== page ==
South African Import Regulations
South Africa has a diverse and dynamic culture, making it a great partner for trade. However, certain information is necessary in order to move goods across the country.
While South Africa has always had a majority-black population; it was ruled by a minority of white citizens for decades. In 1994, an almost fifty-year-old struggle for equality and cultural independence ended, and democracy was established in this volatile African
nation. Since that time, four successful elections have indicated that the citizens are embracing the change. Still, negative consequences remain evident among the 50 million citizens, including social struggles such as poverty, crime, high HIV infection rates and unemployment. There is also an on-going struggle to fairly handle land disputes created by the apartheid regimes of the past.
Despite the challenges, South Africa is considered to be the largest economic force in the region. South Africa has strong manufacturing and mining industries, though both have seen negative effects of recession. However, construction sectors have actually experienced growth, largely in response to international attention to the 2010 World Cup. South Africa both produces and consumes vast amounts of energy, and the nation is also a mecca for tourism, with vast natural resources and beautiful landscapes. South Africa is a strong producer of wine, sugar, fruit, livestock, corn and sunflower seeds.
South Africa prohibits some types of products from importation entirely. This list of prohibited goods includes pornography, illicit narcotic drugs, uncooked meat products, ammunition, dry ice, plants and seeds, bees and bee products, furniture, fur, uncut diamonds and unrefined gold.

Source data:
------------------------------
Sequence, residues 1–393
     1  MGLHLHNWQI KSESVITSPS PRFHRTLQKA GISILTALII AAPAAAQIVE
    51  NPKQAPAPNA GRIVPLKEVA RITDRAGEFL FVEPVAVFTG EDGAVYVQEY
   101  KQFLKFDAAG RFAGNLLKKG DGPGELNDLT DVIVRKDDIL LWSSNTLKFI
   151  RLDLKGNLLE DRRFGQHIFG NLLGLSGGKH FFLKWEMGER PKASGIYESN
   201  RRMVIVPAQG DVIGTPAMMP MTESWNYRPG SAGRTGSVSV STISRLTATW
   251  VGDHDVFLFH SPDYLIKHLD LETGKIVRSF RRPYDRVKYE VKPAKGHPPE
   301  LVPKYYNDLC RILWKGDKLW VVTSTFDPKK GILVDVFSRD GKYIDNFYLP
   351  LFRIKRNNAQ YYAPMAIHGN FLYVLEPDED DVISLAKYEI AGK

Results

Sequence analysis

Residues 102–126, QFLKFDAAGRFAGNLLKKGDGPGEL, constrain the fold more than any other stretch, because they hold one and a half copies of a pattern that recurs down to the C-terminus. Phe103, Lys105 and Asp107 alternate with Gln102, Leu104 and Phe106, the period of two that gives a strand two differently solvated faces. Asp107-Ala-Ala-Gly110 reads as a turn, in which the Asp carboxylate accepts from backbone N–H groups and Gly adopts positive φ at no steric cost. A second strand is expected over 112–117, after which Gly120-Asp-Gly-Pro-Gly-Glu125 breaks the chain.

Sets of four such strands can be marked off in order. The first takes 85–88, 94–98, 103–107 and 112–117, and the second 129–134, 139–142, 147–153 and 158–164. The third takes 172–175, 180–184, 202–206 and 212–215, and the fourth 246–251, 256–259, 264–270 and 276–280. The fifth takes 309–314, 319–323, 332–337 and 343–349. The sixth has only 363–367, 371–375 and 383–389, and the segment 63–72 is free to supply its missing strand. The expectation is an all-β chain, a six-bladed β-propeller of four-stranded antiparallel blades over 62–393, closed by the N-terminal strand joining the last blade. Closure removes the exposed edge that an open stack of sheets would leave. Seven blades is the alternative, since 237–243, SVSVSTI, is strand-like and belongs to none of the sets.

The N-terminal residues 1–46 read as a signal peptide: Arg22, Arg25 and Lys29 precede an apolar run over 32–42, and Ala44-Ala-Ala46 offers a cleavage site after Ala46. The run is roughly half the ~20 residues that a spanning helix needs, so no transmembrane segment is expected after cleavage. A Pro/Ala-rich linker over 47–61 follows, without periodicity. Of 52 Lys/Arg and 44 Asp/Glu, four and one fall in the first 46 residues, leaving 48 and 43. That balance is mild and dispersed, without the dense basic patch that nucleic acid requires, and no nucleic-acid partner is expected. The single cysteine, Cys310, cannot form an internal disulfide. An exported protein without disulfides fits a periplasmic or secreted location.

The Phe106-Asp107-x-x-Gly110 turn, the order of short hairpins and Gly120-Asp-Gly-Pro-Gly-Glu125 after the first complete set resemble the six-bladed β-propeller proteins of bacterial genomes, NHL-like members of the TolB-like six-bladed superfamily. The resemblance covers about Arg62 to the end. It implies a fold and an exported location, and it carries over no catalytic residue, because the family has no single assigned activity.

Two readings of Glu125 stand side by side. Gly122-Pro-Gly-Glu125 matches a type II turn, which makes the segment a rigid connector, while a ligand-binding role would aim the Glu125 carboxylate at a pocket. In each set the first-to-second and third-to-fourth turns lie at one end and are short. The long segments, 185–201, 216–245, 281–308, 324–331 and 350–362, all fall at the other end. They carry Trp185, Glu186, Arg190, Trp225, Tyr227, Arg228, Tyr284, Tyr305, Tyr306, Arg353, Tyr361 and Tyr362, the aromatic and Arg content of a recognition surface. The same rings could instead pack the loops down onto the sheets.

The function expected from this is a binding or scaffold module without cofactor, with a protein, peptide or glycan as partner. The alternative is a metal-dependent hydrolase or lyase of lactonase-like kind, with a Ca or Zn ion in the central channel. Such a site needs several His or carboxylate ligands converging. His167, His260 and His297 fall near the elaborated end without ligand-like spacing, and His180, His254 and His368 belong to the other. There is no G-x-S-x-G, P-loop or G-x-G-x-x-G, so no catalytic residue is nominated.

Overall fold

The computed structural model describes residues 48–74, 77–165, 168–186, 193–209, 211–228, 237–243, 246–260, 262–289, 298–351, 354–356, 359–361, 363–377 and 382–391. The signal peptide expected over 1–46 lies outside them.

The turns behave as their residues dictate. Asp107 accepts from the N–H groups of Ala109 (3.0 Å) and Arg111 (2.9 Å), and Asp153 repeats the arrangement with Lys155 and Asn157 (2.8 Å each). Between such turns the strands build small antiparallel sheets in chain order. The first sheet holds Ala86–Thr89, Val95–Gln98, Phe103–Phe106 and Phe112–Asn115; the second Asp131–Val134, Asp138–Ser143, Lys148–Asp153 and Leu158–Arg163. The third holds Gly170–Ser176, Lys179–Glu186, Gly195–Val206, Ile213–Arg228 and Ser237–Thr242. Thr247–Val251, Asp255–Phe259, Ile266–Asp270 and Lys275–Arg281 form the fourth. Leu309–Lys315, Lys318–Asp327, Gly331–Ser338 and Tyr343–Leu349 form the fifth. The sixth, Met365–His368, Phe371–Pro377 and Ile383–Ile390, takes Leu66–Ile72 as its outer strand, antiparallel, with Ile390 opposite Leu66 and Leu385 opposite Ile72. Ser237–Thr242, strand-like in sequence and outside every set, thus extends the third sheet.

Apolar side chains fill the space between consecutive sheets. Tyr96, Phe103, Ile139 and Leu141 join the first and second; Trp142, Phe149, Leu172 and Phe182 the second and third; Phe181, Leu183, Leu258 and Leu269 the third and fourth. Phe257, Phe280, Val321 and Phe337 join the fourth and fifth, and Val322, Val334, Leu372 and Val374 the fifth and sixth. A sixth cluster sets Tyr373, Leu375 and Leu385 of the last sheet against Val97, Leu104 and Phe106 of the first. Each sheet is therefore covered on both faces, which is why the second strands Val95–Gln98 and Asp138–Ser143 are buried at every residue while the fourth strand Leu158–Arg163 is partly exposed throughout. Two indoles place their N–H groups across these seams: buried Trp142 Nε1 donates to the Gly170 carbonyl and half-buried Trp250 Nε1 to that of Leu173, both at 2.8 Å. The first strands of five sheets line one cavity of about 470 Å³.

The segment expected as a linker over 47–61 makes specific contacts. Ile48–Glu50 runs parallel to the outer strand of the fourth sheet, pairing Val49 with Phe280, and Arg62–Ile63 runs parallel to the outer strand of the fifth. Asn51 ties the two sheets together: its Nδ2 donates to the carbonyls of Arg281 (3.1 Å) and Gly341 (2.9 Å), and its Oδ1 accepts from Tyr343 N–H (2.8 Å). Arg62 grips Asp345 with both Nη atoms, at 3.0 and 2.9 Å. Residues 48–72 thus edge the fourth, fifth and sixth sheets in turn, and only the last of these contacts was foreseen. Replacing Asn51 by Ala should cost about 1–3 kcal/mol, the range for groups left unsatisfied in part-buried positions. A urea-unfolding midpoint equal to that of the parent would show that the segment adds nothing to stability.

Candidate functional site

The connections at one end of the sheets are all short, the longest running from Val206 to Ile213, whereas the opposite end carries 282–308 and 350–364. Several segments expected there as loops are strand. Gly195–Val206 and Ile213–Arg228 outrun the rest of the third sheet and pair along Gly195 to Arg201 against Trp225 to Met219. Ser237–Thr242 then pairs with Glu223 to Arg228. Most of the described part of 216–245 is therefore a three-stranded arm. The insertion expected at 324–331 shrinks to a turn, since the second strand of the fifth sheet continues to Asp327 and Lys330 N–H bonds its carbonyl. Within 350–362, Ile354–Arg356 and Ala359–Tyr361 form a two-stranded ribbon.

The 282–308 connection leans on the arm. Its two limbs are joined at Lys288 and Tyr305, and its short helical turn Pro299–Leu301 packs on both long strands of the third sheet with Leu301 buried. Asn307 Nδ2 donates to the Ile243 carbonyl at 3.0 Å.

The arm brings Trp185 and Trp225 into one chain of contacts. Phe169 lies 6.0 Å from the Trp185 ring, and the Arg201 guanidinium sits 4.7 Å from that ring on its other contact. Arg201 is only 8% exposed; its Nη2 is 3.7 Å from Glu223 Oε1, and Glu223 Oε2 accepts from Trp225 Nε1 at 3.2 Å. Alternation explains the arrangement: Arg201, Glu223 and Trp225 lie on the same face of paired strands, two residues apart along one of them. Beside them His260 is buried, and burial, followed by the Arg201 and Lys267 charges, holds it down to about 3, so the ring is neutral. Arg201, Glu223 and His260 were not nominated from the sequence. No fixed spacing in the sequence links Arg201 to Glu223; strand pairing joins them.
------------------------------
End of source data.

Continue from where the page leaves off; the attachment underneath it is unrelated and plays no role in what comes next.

Other products fall into the restricted category and can include shipments that include:
- and money.
Special circumstances also apply to:
- food products,
- used clothing,
- skin-care items
- and petroleum products.
Any shipment should be accompanied by documentation, including a statement of the contents of the package, insurance documents and the actual value of the included products; completing this paperwork is the responsibility of the importer. If permits are required for any shipments, they are issued by the South African Department of Trade via the Director of Import and Export Control. Individual governing agencies include the Departments of Health, Agriculture, Water Affairs, Sea Fisheries, Trade and Industry, and Mineral and Energy Affairs. More detailed information is available via the South African Revenue Service
South Africa has special trade agreements with several partnering countries, though the United Kingdom is not expressly included in this list. However, South Africa does have an active trade agreement with the European Union
, of which Britain is a member country; this may offer distinct benefits when sending a shipment from the United Kingdom to South Africa. Other countries that are specifically included, such as , Swaziland
and Mozambique benefit from reduced or non-existent duties and taxes.
Shipments that are sent to South African residents as gifts may be eligible for a duty exemption or rebate. If the package contains alcohol, perfume or tobacco products, this rebate will not apply. Otherwise, two shipments per year can be sent as gifts, providing that the value does not exceed the allowed amount.